Lall’s court documents also show that the NFMU has issued licenses to E-Networks Inc. and Quark Communications Inc. to broadcast in the 2.5 gigahertz band. The list of licensees only became public on March 14,203 when Prime Minister Samuel Hinds responded to a question by Alliance For Change (AFC) parliamentarian, Cathy Hughes.
Lall said the decision to grant the licenses and frequencies is unlawful, wholly in excess of jurisdiction arrived at or made in bad faith and with improper considerations and motives, null, void and of no legal effect, in breach of the principles natural justice legitimate expectations and in breach of the constitution.
In light of an agreement between Jagdeo and Corbin on May 6, 2003 that no more licenses would have been issued until modern broadcasting legislation and an authority were established, Lall contended that he had a legitimate expectation of being granted a license, the public interest would have been best served and there would not have been an unfair advantage by newer applicants. “The existing licensees are free to carry on commercial activities, develop a client base and earn revenues whilst” he (Lall) and members of the Guyana Media Proprietors Association “are left to languish.”
The court documents pointed to a trend of attacks on sections of the private media by then President Jagdeo to make the point that the licenses were issued based on bias. “The departure of the minister and the National Frequency Management Unit from the terms of the communiqué; the manner of the grant of licenses and the known similarities of political associations; family connections and friends of the majority of persons receiving licenses constitute clear and stark evidence of the abuse of public power, unreasonableness of the departure from the Communiqué and the irrationality inherent in the said decision to so depart and its constitutionality.”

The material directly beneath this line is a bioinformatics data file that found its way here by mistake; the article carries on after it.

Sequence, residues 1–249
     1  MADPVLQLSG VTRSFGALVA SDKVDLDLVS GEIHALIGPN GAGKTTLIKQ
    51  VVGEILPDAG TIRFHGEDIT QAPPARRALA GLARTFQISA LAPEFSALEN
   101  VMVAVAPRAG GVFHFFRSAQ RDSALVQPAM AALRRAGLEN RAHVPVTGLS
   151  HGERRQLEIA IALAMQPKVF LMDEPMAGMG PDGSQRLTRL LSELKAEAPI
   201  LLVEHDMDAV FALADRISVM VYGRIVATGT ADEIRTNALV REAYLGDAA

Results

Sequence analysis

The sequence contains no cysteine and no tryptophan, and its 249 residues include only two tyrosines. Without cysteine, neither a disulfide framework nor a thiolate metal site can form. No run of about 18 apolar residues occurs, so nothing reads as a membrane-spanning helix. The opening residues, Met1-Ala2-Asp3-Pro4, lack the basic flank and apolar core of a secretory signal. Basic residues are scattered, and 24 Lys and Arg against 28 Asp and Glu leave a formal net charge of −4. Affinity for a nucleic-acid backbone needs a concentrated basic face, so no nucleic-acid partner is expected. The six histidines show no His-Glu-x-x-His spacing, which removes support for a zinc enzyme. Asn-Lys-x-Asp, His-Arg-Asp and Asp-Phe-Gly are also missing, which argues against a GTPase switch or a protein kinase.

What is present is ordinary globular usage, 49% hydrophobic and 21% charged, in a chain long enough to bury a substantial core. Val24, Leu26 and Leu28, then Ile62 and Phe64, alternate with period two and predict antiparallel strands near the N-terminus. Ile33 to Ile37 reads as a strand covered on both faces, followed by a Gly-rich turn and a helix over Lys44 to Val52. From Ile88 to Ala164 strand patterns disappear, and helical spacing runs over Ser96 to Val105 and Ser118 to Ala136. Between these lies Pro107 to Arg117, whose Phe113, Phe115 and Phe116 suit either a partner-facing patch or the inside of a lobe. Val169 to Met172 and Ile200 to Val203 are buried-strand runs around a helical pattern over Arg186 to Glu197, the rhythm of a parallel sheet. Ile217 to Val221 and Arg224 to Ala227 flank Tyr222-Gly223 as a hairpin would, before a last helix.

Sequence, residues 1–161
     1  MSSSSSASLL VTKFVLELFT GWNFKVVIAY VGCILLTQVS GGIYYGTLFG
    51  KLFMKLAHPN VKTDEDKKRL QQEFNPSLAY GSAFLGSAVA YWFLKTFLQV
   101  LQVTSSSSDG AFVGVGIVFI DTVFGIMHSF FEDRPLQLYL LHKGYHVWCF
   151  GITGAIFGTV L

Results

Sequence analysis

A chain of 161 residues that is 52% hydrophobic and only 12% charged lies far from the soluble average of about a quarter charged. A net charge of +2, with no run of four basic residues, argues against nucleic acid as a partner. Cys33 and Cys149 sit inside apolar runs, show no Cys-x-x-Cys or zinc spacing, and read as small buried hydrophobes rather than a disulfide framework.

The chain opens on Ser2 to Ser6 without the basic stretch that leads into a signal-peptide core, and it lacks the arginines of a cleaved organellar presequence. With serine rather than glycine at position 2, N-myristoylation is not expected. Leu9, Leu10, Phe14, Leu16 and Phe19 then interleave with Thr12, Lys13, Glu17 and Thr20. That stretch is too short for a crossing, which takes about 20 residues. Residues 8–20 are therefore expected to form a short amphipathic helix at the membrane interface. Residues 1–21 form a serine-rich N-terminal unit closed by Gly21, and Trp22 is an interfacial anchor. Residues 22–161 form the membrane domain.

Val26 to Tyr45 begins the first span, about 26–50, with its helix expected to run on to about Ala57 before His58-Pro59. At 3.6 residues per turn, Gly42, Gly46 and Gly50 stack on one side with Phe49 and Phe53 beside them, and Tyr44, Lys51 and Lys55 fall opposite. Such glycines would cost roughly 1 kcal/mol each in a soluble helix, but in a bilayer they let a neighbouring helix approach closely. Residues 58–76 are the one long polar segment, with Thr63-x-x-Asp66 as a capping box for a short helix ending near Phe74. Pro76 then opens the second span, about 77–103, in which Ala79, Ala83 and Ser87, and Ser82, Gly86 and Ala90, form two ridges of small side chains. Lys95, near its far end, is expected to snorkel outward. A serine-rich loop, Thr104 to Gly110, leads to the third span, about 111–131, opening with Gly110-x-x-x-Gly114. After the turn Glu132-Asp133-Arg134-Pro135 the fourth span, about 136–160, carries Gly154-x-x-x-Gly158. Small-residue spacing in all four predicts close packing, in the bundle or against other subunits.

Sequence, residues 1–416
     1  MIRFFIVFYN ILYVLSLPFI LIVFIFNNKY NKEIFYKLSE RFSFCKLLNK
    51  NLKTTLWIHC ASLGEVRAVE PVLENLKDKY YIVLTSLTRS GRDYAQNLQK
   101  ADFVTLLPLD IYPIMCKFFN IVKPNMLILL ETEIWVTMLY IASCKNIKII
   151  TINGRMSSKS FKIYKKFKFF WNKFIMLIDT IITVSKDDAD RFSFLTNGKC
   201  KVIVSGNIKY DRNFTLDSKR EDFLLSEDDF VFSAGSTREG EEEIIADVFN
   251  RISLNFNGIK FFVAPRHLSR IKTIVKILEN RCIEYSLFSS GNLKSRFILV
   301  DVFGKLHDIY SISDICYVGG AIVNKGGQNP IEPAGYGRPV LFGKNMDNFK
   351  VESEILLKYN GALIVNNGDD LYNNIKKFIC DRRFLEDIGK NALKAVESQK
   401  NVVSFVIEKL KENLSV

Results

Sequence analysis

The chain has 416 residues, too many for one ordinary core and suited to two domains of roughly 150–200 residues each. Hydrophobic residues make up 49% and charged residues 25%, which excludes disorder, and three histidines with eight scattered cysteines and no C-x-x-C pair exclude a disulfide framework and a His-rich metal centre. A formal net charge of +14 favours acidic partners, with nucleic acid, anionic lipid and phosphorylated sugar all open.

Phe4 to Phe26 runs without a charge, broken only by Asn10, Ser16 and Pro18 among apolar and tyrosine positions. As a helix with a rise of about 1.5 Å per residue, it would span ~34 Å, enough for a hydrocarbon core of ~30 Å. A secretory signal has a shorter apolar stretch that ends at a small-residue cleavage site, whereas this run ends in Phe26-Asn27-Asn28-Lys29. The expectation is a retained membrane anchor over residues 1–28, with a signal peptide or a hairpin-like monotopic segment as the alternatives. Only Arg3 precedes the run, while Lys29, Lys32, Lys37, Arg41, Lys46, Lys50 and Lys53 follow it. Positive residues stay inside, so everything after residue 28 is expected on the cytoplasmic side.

The NMBC Managing Director said he wrote Chairman of the National Broadcasting Authority, Bibi Shadick telling her that all previous applications would now have to be submitted to the authority. He said that the fact that the applications would have to be resubmitted “is a source of substantial hardship, inconvenience and disadvantage as he existing licensees are free to operate pending any approval under the Broadcasting Act.”
Lall said he and members of the Guyana Media Proprietors Associations would now have to face more rigorous requirements and obligations which were overcome for the existing licensees by being granted licenses prior to the coming into force of the Broadcasting Act.
Lall said that to the best of his knowledge Radio Guyana Inc; Telcor and Cultural Broadcasting and New Guyana Company Limited did not have any applications pending among the 60 that had been referred to by the NFMU General Manager, Valmikki Singh.
Lall said he waited over five years while CN Sharma waited over 12 years to benefit from the legitimate expectation created by the terms of the Jagdeo-Corbin communiqué.
Woolford, in his originating notice of motion, said his application for FM and AM broadcasting licenses date back to October 1997 but he has never received a response. He said that the “willful and inexplicable delay” in dealing with his application violated his constitutional rights to own property and freedom of expression.
Lawyers for Woolford are Senior Counsels Rex Mc Kay, Keith Massiah as well as Neil Boston, Fitz Peters, Abiola Wong-Innisss, Bettina Glasford and Christopher Ram. Lall and the GMPA’s lawyers are Roysdale Forde and Keisha Chase.